Crapps v. DUVAL COUNTY HOSPITAL AUTH. OF DUVAL CTY., FLA.

Decision Date11 June 1970
Docket NumberNo. 70-194-Civ-J.,70-194-Civ-J.
Citation314 F. Supp. 181
PartiesNorma Jean CRAPPS and Evelyn B. Hall, individually, and on behalf of all others similarly situated, Plaintiffs, v. DUVAL COUNTY HOSPITAL AUTHORITY OF DUVAL COUNTY, FLORIDA, a body politic and corporate of the State of Florida, operating as Duval Medical Center, Defendant.
CourtU.S. District Court — Middle District of Florida

Joseph F. Duszlak, Russell H. Showalter, Jr., Duval County Legal Aid Ass'n, Inc., Jacksonville, Fla., for plaintiffs.

James C. Rinaman, Jr., Gen. Counsel, David U. Tumin, John J. Higgins, Asst. Counsel, Jacksonville, Fla., for defendant.

ORDER

SCOTT, District Judge.

This cause came on for hearing in open court, with all parties represented by counsel, on May 14, 1970.

The plaintiffs, Norma Jean Crapps and Evelyn B. Hall, are female citizens of the United States. Both plaintiffs also claim to be residents of the City of Jacksonville, Duval County, Florida. The plaintiff Crapps moved to Jacksonville from Montana on March 7, 1970, and claims that she intends to make Jacksonville her permanent home. The plaintiff Hall moved to Jacksonville from New York in February 1970, and she likewise claims that she intends to make Jacksonville her permanent place of residence. It is uncontested that both plaintiffs are indigent.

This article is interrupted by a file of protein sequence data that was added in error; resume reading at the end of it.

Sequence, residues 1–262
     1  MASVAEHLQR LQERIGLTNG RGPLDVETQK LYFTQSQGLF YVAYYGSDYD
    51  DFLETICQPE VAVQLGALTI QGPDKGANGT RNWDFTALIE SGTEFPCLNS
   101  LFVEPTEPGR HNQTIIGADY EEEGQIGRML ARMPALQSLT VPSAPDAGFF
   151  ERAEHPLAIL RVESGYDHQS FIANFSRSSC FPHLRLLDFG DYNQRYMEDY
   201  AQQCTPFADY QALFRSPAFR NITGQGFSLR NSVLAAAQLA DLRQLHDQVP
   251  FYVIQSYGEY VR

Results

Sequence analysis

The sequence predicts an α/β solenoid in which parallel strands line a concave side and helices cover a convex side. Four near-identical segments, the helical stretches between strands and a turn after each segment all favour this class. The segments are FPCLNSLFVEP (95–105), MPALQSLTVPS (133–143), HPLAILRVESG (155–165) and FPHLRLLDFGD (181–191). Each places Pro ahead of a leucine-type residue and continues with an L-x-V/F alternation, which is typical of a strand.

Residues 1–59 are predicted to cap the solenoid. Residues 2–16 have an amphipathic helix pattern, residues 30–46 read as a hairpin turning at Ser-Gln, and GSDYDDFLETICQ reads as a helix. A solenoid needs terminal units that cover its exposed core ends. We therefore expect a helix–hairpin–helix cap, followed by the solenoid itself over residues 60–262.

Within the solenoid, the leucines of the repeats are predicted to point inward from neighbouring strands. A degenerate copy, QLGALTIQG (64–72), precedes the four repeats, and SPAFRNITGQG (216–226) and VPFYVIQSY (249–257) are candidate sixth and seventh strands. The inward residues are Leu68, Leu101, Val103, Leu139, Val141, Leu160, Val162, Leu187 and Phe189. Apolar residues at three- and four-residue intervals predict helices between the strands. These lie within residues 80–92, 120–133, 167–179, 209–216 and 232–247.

The defendant, Duval County Hospital Authority of Duval County, Florida, operating as Duval Medical Center, is an agency created and regulated by Chapter 63-1305, Laws of Florida, 1963, a special act with local application only in Duval County, Florida. Section 21 of Chapter 63-1305, Laws of Florida, 1963, requires that indigent individuals reside in Duval County, Florida, one (1) year preceding their application for free medical care in the defendant hospital, and it is this durational residency statute which is the root of this controversy (see Appendix A).

Plaintiffs claim to be persons who meet all standards of eligibility for admission to the Duval Medical Center for medical care without charge, subject to the rules and regulations prescribed by the Governing Body of the Duval County Hospital Authority, except that they have not resided in Duval County for a period of one (1) year preceding their applications for medical treatment. Both plaintiffs have been refused admission to the Duval Medical Center prior to institution of this suit, allegedly for the sole reason of their failure to meet the durational residency requirement.